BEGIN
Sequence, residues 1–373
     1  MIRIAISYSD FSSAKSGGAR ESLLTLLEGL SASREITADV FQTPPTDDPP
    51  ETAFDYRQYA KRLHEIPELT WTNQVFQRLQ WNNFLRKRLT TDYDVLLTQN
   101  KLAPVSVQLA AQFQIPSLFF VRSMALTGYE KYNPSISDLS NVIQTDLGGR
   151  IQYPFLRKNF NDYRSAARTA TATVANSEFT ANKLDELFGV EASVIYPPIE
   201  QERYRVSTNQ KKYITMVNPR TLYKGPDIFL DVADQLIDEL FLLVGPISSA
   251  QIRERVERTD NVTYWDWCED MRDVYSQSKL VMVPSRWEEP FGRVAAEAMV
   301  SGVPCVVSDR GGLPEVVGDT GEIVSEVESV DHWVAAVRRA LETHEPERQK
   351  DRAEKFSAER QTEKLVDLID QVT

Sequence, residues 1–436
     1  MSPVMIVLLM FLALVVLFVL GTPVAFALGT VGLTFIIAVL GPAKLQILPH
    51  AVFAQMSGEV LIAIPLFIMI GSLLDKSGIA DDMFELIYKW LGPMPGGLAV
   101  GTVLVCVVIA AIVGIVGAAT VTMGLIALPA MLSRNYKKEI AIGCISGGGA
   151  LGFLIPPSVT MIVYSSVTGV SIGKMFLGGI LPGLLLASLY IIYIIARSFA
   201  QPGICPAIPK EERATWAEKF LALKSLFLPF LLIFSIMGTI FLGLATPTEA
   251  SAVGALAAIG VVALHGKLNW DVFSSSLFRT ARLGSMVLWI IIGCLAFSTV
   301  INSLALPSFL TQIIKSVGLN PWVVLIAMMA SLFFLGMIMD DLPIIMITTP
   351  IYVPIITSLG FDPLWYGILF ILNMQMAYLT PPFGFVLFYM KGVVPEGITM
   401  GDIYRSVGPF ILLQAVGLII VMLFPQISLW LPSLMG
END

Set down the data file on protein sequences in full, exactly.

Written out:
Sequence, residues 1–373
     1  MIRIAISYSD FSSAKSGGAR ESLLTLLEGL SASREITADV FQTPPTDDPP
    51  ETAFDYRQYA KRLHEIPELT WTNQVFQRLQ WNNFLRKRLT TDYDVLLTQN
   101  KLAPVSVQLA AQFQIPSLFF VRSMALTGYE KYNPSISDLS NVIQTDLGGR
   151  IQYPFLRKNF NDYRSAARTA TATVANSEFT ANKLDELFGV EASVIYPPIE
   201  QERYRVSTNQ KKYITMVNPR TLYKGPDIFL DVADQLIDEL FLLVGPISSA
   251  QIRERVERTD NVTYWDWCED MRDVYSQSKL VMVPSRWEEP FGRVAAEAMV
   301  SGVPCVVSDR GGLPEVVGDT GEIVSEVESV DHWVAAVRRA LETHEPERQK
   351  DRAEKFSAER QTEKLVDLID QVT

Sequence, residues 1–436
     1  MSPVMIVLLM FLALVVLFVL GTPVAFALGT VGLTFIIAVL GPAKLQILPH
    51  AVFAQMSGEV LIAIPLFIMI GSLLDKSGIA DDMFELIYKW LGPMPGGLAV
   101  GTVLVCVVIA AIVGIVGAAT VTMGLIALPA MLSRNYKKEI AIGCISGGGA
   151  LGFLIPPSVT MIVYSSVTGV SIGKMFLGGI LPGLLLASLY IIYIIARSFA
   201  QPGICPAIPK EERATWAEKF LALKSLFLPF LLIFSIMGTI FLGLATPTEA
   251  SAVGALAAIG VVALHGKLNW DVFSSSLFRT ARLGSMVLWI IIGCLAFSTV
   301  INSLALPSFL TQIIKSVGLN PWVVLIAMMA SLFFLGMIMD DLPIIMITTP
   351  IYVPIITSLG FDPLWYGILF ILNMQMAYLT PPFGFVLFYM KGVVPEGITM
   401  GDIYRSVGPF ILLQAVGLII VMLFPQISLW LPSLMG